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Re: Draft of Bicycle and Pedestrian Master Plan Released
« Reply #7 on: August 23, 2013, 12:21:36 AM »
After reading the study, I find it odd that the only recommended way to respond to any needs was to either allocate more roadway, modify a median or widen a sidewalk.  Many substantial and effective bike and pedestrian capacities nationally have been extended using utility right of ways.


Looking at this picture below, you wouldn't know that there is a set of 440kV service lines running just next to this. Through a master agreement with the local utility, they have a right to trim the trees away from the lines, but they worked out an agreement where it was done in a way that maintained the natural aspect of the trail.


Utilities have liked it because it improves access to their service vehicles. The local highway authority maintains the paths and covers any indemnity for personal injuries. Also makes future construction of bike/pedestrian overpasses much easier to engineer due to non-conflict with large signaled intersections.







It doesn't have to align right next to a highway to be eligible for fed funds. This study assumes that the only improvement for access is right next to the very things that cause the problems....as the study showed, cars!

ProjectMaximus

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Re: Draft of Bicycle and Pedestrian Master Plan Released
« Reply #8 on: August 23, 2013, 02:32:31 AM »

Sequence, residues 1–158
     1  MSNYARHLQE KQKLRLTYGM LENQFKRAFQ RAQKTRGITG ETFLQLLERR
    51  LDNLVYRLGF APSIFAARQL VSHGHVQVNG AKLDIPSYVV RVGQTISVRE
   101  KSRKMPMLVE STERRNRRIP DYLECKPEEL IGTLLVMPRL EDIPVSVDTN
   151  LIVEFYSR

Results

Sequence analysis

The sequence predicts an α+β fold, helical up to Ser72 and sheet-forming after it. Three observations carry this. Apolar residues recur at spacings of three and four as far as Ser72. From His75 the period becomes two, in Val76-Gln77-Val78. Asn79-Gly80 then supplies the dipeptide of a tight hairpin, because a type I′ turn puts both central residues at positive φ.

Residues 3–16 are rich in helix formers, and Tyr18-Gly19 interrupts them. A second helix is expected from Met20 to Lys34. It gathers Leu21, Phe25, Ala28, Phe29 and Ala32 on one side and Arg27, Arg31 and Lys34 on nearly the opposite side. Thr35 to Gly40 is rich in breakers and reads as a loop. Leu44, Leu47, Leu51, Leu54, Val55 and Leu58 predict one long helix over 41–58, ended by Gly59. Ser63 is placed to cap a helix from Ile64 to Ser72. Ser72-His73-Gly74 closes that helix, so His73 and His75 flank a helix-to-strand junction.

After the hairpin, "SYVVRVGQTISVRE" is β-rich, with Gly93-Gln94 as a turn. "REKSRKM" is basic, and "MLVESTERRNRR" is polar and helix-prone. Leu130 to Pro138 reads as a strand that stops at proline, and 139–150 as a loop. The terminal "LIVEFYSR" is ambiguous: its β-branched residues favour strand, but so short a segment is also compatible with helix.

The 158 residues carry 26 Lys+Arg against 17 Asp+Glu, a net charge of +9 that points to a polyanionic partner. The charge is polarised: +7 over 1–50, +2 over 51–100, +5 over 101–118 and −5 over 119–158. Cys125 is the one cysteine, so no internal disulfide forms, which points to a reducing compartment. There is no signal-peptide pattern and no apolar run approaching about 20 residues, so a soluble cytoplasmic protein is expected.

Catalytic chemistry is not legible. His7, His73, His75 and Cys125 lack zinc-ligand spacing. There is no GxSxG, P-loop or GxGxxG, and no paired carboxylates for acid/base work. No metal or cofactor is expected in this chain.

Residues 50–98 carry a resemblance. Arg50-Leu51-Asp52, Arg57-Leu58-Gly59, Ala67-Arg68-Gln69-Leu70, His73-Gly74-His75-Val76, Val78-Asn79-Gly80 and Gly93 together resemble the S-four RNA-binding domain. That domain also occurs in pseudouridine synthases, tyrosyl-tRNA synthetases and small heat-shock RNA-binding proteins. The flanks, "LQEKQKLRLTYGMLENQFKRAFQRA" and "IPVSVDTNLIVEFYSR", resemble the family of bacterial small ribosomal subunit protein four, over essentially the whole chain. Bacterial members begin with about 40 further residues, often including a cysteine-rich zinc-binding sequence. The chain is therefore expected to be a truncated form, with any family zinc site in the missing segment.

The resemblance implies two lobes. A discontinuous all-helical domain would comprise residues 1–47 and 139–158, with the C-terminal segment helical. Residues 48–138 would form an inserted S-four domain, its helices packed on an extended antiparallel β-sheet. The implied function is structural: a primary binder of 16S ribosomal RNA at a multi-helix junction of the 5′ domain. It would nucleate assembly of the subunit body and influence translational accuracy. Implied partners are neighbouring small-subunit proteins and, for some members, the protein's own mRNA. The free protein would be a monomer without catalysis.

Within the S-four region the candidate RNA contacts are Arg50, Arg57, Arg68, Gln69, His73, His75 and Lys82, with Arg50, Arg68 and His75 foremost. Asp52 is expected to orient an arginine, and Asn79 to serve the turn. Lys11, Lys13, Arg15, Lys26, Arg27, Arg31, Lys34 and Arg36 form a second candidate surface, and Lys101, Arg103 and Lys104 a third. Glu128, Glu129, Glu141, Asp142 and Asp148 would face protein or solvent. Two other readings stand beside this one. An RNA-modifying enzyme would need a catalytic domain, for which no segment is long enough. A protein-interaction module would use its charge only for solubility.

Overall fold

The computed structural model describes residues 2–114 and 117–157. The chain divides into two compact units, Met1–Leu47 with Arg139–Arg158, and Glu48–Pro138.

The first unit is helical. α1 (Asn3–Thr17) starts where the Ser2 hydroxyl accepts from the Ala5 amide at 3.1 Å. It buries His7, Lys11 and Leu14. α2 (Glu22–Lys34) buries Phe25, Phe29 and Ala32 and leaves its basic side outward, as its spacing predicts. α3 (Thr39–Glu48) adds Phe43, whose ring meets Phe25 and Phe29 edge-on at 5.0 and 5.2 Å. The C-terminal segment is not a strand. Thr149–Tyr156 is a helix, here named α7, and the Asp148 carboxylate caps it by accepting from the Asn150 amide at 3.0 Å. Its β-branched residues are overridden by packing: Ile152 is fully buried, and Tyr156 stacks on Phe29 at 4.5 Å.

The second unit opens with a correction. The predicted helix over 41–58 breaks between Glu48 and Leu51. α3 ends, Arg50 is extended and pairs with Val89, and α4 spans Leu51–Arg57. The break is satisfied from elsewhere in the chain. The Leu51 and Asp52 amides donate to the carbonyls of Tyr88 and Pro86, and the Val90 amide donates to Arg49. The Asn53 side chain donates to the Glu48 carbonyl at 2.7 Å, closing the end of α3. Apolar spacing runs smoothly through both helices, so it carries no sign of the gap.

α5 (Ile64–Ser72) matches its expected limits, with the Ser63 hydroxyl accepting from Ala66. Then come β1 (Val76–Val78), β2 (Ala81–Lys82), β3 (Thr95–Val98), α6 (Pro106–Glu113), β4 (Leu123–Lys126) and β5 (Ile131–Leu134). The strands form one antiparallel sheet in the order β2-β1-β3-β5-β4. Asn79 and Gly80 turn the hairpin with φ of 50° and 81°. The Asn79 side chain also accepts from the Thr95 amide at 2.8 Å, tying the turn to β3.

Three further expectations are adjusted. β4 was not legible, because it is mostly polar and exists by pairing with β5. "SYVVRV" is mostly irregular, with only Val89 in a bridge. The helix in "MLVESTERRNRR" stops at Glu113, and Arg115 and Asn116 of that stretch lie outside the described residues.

Very true. Where are those pictures from, spuwho?

thelakelander

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Re: Draft of Bicycle and Pedestrian Master Plan Released
« Reply #9 on: August 23, 2013, 07:25:53 AM »
Thinking about it, the utility corridors through the Southside would get you pretty close to most of that area's major destinations.
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AntigoneStarr

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Re: Draft of Bicycle and Pedestrian Master Plan Released
« Reply #10 on: August 23, 2013, 03:07:10 PM »
Something awesome I saw in Tacoma was the Scott Pierson trail - it paralleled the interstate which paralleled a bunch of different shopping centers. The trail had entrances in and out of many of the back parking areas for a lot of shopping centers. We could link Beach Blvd, Atlantic Blvd, Southside Blvd, perhaps Butler Blvd and potentially others this way, just by using those parking lots. The bike lanes that have been painted in on Beach Blvd and San Jose are just... well, I feel as if they may cause more accidents, harassment, and anger than relieve any problems. I'm referencing the lanes in which the bike lane is in between the right turn lane and the right lane of the road, thus surrounding the cycle lane with cars. This, does not make sense to me, though a bike lane down San Jose all the way to the Mandarin area does make sense... it should switch over to a dedicated path separated from the road when San Jose turns into a zoo just north of I-295.